ShareSoil Health Partnership, an initiative of the National Corn Growers Association, was invited to give five presentations during the event. Known as the …">
(Posted Thu. Nov 10th, 2016)
The biggest agronomic, crop science and soil science group in the country this week demonstrated their growing emphasis on the importance of soil health. The Soil Health Partnership, an initiative of the National Corn Growers Association, was invited to give five presentations during the event.
Known as the “tri-societies,” the American Society of Agronomy, Crop Science Society of America, and Soil Science Society of America hosted more than 4,000 scientists, professionals, educators, and students at the 2016 International Annual Meeting, Nov. 6-9 in Phoenix.
“Our level of participation with this critical group of scientists was unprecedented this year, and demonstrates the scientific community is paying close attention to the agricultural and environmental strides we can make through better soil health,” said Nicholas Goeser, SHP director and NCGA director of soil health and sustainability. “It’s important to our mission to engage with this group of scientists.”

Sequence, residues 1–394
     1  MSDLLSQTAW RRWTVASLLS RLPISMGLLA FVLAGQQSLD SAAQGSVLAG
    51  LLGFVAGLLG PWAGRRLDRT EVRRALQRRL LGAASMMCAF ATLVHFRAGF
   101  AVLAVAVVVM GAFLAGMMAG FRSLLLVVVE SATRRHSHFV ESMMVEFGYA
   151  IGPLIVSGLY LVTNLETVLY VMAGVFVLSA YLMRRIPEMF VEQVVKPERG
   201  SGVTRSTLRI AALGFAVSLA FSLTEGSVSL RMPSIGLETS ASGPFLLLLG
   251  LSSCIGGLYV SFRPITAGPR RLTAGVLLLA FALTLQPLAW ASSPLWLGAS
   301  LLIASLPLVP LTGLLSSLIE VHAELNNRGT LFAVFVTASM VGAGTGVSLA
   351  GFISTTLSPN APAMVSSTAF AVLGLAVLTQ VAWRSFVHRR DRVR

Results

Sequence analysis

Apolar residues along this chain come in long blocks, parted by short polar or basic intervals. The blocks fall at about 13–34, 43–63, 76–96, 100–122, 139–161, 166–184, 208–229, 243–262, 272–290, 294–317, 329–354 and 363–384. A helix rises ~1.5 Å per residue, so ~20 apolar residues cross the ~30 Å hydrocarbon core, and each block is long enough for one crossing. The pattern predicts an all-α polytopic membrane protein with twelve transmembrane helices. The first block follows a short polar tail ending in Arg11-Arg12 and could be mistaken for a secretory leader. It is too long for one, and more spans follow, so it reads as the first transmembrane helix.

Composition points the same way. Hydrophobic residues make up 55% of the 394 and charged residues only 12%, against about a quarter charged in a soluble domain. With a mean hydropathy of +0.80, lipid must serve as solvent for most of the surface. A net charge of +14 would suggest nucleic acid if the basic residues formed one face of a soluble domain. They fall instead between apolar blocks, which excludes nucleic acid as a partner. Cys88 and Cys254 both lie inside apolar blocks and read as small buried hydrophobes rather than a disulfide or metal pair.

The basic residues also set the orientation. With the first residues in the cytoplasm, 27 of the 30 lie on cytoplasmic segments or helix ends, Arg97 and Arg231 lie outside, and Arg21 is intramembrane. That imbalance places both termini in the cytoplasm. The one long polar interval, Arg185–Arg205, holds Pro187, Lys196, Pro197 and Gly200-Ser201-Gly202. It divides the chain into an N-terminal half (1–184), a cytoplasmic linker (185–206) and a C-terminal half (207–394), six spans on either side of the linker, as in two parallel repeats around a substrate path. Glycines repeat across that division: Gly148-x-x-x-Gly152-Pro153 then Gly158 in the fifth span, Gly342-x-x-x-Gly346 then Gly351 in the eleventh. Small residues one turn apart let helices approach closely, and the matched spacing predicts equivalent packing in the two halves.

The SHP brings environmental, academic, agricultural and governmental partners together in a united mission to identify, test and measure farm management practices that improve soil health and benefit farmershttp://www.soilhealthpartnership.org/. Those practices include conservation tillage, advanced nutrient management and growing cover crops.
Also this week, SHP takes part in the Foundation for Food and Agriculture Research event for soil research. SHP staff will help guide the FFAR scientific program in the “Healthy Soils, Thriving Farms Challenge Area.” It’s aimed at increasing soil health by building knowledge, fueling innovation, and enabling adoption of existing or new innovative soil health-promoting practices.
The FFAR sessions take place Nov. 9-10 in Phoenix, following the tri-societies event.
“Having a seat at the table at both of these events is an opportunity to create awareness on smart soil practices and research needs,” Goeser said. “Science and data are powerful drivers of change.”